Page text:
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Do you really ovulate late?

Updated: Mar 7, 2023

Some people, as they recover from hypothalamic amenorrhea (missing periods), will be worried that they are ovulating “late” in their cycle, maybe Cycle Day (CD) 21, 22… but then they get their period around the normal time, maybe CD 28-30.

In some cases, the issue is the short luteal phase (the time between ovulation and when your period arrives) leads to a seemingly long follicular phase (time between period and ovulation).

When I tracked my ovulations and periods carefully, I noticed that my ovulations were routinely 28-30 days apart, as expected. So it wasn’t that the ovulation was messed up, it was more that my period wasn’t aligning with the ovulation as in a normal cycle. A similar phenomenon was observed in a research study where women with short luteal phases were observed to have longer follicular phases (this was not the main focus of the study, but my observation from data reported in Table 2).

My theory is that to some degree, our period and then subsequent ovulation are actually hormonally separate events. The period comes because of a drop in progesterone, that is unrelated to the decrease in estrogen that primes the small increase in FSH to start the new follicle growing. So in someone with a short luteal phase, the drop in progesterone occurs early, leading to an early period – but that does NOT drive the start of follicular growth, which waits for a few days and then begins, on its regular 28 day cycle.

I know this is confusing, so check out these diagrams. Here’s a normal cycle…

The small increase in FSH (dashed line) at the beginning leads to growth of the egg-containing follicle. In the middle of the cycle, around CD12-13, LH spikes leading to ovulation around CD14. After ovulation, the follicular structure collapses into the “corpus luteum” which starts secreting progesterone by around CD16. When progesterone levels fall approximately 12 days later, the period starts, FSH increases, and the whole cycle begins again – with ovulation around CD14 and period around CD28.

Here’s my view of what is happening when one has a short luteal phase.

Let’s imagine that the first period ("Menses") in this diagram was induced by Provera and then Clomid is used to start the follicular growth. So the follicular phase proceeds just as above – a small increase in FSH leads to growth of the egg-containing follicle, LH spikes around CD12-13, and ovulation happens on CD14.

This is where things aren’t working quite right – the corpus luteum forms but isn’t making enough progesterone. So the increase in progesterone is lower, and for a shorter amount of time. This leads to an early period – in this diagram, about a week early, for a 6-to-7-day luteal phase. (Menses starting on CD ~22)

This leads to what I’m terming the “apparent cycle day” in the figure – menses have started, so it’s CD1 again.

However. The OTHER hormones involved in the cycle are not at CD1 levels yet. They are still at CD22, 23, 24 levels. The estrogen needs to drop further so that FSH increases to start the follicular growth… and THOSE hormones are not affected by the lack of progesterone. They continue along their merry way as if it’s CD 22-28, not caring that you’re bleeding already and *think* it’s CD1. Then you get to CD14 and think that ovulation should be happening… but it doesn’t. So you get frustrated (trust me, I know!!)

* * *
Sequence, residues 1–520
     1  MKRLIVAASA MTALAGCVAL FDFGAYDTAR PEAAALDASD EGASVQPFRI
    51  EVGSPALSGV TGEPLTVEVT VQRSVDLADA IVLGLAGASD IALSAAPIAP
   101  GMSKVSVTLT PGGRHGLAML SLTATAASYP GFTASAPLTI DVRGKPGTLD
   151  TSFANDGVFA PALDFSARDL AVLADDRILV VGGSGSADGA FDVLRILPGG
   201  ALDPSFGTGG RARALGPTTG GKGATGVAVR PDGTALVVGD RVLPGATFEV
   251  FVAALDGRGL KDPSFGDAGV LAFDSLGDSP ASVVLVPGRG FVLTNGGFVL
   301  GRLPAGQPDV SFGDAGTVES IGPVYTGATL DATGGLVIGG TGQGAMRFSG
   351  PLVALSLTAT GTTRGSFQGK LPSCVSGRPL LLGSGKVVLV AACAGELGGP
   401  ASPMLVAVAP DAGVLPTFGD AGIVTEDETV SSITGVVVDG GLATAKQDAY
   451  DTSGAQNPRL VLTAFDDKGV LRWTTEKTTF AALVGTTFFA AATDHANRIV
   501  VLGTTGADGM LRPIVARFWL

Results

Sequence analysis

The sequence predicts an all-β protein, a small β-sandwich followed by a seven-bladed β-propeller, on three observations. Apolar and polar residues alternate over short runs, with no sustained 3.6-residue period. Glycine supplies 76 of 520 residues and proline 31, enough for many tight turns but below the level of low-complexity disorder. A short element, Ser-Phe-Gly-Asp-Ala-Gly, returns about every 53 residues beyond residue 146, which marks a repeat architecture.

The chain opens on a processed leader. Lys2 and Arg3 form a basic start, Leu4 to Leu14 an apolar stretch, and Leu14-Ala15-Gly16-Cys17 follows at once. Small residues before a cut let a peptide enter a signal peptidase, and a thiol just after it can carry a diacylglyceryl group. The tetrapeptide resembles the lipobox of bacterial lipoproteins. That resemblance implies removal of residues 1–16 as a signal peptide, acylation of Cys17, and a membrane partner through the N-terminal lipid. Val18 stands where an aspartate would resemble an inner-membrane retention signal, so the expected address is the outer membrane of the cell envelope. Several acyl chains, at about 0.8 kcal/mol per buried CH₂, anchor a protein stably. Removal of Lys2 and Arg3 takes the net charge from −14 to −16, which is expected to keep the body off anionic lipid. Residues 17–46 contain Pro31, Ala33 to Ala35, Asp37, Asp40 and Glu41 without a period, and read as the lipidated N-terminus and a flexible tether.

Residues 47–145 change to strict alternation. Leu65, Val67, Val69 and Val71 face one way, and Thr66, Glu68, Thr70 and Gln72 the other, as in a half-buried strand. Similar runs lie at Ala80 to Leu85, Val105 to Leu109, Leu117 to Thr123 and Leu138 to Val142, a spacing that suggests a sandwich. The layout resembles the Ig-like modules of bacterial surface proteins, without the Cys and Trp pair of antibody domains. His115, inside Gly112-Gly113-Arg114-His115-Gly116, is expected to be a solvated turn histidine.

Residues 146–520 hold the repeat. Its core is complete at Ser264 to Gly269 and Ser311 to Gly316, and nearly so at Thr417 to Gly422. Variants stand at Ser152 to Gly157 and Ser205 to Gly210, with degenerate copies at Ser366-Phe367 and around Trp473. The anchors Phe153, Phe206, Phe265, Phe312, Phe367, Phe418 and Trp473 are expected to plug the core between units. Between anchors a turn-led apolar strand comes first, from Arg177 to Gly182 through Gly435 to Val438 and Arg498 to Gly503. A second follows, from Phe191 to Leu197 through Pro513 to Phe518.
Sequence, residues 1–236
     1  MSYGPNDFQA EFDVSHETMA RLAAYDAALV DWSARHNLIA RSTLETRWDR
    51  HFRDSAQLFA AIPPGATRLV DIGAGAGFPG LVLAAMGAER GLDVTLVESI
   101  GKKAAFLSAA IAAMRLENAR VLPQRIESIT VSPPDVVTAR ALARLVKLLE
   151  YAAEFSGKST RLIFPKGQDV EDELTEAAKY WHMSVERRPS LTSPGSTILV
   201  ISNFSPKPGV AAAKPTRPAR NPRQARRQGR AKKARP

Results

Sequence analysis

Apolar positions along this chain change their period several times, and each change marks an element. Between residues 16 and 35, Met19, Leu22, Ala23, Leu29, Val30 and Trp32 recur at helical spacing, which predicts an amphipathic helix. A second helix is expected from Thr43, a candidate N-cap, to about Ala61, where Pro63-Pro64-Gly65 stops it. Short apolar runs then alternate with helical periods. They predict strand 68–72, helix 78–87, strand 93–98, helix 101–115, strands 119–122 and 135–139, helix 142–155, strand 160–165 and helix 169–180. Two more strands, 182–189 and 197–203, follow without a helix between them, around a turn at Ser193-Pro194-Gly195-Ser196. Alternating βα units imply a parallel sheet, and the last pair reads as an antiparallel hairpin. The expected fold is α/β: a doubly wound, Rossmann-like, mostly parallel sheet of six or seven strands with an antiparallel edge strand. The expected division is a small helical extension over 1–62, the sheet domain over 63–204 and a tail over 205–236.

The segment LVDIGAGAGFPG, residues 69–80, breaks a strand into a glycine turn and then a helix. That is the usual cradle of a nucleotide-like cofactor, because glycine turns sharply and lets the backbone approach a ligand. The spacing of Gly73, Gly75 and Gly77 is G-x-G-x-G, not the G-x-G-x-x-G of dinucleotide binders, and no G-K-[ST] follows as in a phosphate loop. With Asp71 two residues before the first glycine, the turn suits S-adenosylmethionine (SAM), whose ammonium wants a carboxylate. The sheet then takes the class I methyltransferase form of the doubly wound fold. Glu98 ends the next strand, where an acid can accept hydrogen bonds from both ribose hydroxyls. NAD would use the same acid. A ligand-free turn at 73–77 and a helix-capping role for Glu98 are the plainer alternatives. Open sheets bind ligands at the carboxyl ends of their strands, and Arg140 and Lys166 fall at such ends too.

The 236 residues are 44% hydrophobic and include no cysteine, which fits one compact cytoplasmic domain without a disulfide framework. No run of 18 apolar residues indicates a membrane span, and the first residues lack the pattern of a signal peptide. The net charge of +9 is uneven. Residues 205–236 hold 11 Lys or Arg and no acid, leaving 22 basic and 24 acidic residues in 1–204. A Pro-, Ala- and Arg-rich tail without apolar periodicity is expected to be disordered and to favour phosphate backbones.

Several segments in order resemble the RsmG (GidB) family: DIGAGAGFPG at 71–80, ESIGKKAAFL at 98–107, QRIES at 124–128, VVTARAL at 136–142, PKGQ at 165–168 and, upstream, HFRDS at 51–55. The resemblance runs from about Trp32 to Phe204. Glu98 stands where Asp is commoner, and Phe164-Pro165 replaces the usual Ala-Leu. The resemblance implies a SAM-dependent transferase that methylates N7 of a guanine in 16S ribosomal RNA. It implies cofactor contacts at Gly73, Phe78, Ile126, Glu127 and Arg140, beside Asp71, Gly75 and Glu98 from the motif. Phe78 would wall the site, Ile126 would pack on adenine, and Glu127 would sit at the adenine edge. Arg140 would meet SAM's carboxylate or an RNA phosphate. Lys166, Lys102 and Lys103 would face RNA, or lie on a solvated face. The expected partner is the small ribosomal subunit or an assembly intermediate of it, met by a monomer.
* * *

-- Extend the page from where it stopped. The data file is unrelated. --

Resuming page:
But in reality, your other hormones are on their normal 28-30 day cycle, and when you get to where CD14 would have been if your period had come on time at CD28, that’s when you ovulate.

To further illustrate this, here’s a table with my cycle data (this was after my second son was born in September 2008). My first postpartum ovulation was 7/29/2009. I got my period just five days later on 8/3/09, for a four-day luteal phase. This first cycle was long, as is common in initial postpartum or recovery cycles, so not a great example.

However, the next one (cycle #2) is a perfect example. After only a six-day luteal phase, I got my period on 9/15/09.

  • Had it been a normal length LP (e.g., CD14 ovulation, CD28 period start), my period would have come on 9/21/09 instead.

  • I then ovulated on 10/6/09, which based on when my period actually started was apparently "CD22".

  • But had my period come when it “should have” on the previous cycle (i.e. 9/21 instead of 9/15)… the ovulation would have been CD15.

One anomalous cycle happens on cycle 10 – I had gotten pregnant the cycle before, but unfortunately had a miscarriage that was resolved after two D&Cs. After that I started to use progesterone suppositories to support my luteal phase, which leads to close to normal LPs and pretty close to CD14 ovulation. I did NOT use progesterone on cycles 15 or 16… leading to shorter luteal phase and apparent later ovulation!

You can see from this data set that there’s a fair bit of variability between cycles. If you compare the days between ovulation, you see that mostly they’re around ~28-30 days. But there are a few cycles that are shorter, and a few that are longer. I know that some have periods like clockwork, but that is certainly not true for me!!

I hope this helps explain why a short luteal phase and apparently longer follicular phase are associated. Drop a comment with questions, or to let me know if this has been your experience as well – or not! And if you’d like some help with figuring out if this is an issue for you, or what you can do about it, schedule a call with me 🙂

P.S. Check out Chapter 19 in No Period. Now What? for a LOT more information on luteal phases, why they might be short, and what you can do about it!!

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